Indeed, Kinsolving seems to use his geographic data to a dramatic end rather than merely noting a location for posterity. The annotation of “Tom Thumb” specifically becomes more meaningful with this geographic context: soldiers who felt small fighting an impossible enemy in the trenches could once again find dignity and purpose at Camp No. 1 just as the main character of the fairytale learns to respect himself in spite of his shortcomings after singlehandedly defeating a fearsome ogre.

Though Kinsolving presents us with a view of World War I through the rose-colored glasses of an eager reverend on his first extended trips abroad in the land where Western fairytales were written, it is clear that he and his colleagues of the Y.M.C.A. at least afforded “comfort and refreshment” to war-weary men. Perhaps even his optimistic assessments of war, which border on insensitive in a retrospective reading, provided comfort and escapism via his unwavering idealism in the moments when it mattered most.


“2002.3.22.” Photographic Print. The National WWI Museum and Memorial. Web. 16 May 2016.

Kinsolving, Wythe Leigh. From the Anvil of War. Winchester, TN: Southern Printing and Publishing Co., 1919. Web. HathiTrust Digital Library. 26 May 2016.

Perrault, Mme d’Aulnoym Mme Leprince de Beaumont, and Hégésippe Moreau. Choix de Contes de Fées. Paris: Nelson, Éditeurs, 1913. Print.

Rathjen, Jamie. “Book Find: Cowper After the Storm.” Book Traces @ UVa. University of Virginia Library. Web. 27 May 2016. <>.

Stauffer, Andrew. “Henoch Arden.” Book Traces. Web. 27 May 2016. <>.

Stowe’s Clerical Directory of the American Church 1920-21 (biographial listing of Episcopal clergy). Minneapolis: Andrew David Stowe, 1920. Web. 26 May 2016.

Book Find: Phrenology, a seemingly silly vintage science with dangerous consequences

Diderot’s Encyclopédie,published between 1751 and 1772, laid the groundwork for new modes of thinking that would flourish in the nineteenth century. Indeed, on both sides of the Atlantic, the 1800s witnessed a voracious appetite for cataloguing, compiling, and understanding every detail of everything. From wunderkammers (or “cabinets of curiousity”) where objects were meticulously displayed for curious eyes to Dmitri Mendeleev’s painstaking 1869 Periodic Law that built the groundwork for the modern Periodic Table, the nineteenth century was filled with a lust for order and understanding of the natural world.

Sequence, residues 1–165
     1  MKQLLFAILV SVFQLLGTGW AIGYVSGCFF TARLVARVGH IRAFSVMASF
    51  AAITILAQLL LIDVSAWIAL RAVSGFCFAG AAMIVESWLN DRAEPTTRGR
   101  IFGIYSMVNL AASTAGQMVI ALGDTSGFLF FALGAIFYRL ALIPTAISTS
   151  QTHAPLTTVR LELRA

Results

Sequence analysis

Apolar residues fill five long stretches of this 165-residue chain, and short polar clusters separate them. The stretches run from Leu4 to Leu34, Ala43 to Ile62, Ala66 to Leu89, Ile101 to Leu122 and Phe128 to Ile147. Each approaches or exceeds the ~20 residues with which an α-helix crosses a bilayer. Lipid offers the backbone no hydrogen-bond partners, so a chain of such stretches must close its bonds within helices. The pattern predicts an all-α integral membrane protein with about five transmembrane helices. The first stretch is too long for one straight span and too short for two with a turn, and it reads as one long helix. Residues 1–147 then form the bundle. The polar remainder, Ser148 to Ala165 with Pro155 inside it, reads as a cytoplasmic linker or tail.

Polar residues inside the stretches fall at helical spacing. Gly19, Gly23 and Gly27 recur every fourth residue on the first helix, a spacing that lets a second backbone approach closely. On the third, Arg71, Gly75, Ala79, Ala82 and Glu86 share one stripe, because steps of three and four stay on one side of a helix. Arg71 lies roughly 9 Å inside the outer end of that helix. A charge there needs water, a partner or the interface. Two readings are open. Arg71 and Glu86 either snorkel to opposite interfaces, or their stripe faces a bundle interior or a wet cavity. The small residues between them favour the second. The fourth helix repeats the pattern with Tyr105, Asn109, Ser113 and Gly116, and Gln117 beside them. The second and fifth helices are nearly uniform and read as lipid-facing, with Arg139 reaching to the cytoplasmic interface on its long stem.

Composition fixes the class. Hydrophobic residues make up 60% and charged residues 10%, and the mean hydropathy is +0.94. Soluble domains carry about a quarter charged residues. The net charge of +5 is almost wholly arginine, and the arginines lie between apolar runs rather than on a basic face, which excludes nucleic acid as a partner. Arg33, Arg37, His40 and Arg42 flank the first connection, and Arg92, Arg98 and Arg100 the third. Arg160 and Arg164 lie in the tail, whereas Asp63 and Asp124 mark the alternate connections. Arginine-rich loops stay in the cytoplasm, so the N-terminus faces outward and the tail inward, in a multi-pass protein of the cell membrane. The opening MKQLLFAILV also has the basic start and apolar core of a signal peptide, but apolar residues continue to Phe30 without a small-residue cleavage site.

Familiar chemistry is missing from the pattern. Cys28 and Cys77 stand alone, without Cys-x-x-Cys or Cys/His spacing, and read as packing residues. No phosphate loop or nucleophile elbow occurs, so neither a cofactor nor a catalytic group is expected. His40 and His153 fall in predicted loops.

It is this climate of categorization that led phrenology to come into vogue. Though the discipline was invented at the very end of the previous century by Franz Joseph Gall, its character was profoundly rooted in the spirit of the nineteenth century. The first of the two books discovered by the UVa Book Traces team, George Combe’s A System of Phrenology (1838), defines the discipline as follows:

” Phrenology, derived from [the Greek] φρήν (phrēn) mind and  λόγος (logos) discourse, professes to be a system of Philosophy of the Human Mind, and…to throw light on the primitive powers of feeling which incite us to action, and the capacities of thinking that guide our exertions…” (Combe 1)

The methodology of this “system” might cause a modern person to raise an eyebrow: Gall and his followers believed that they could gain insight into these “powers of feeling” and “capacities of thinking” by evaluating a person’s skull. The New illustrated self-instructor in phrenology and physiology (1859), the second book in the Book Traces project to address the subject,  furnishes a list of nearly forty “organs” — essentially nooks and crannies — of the skull that could reveal traits of its owner: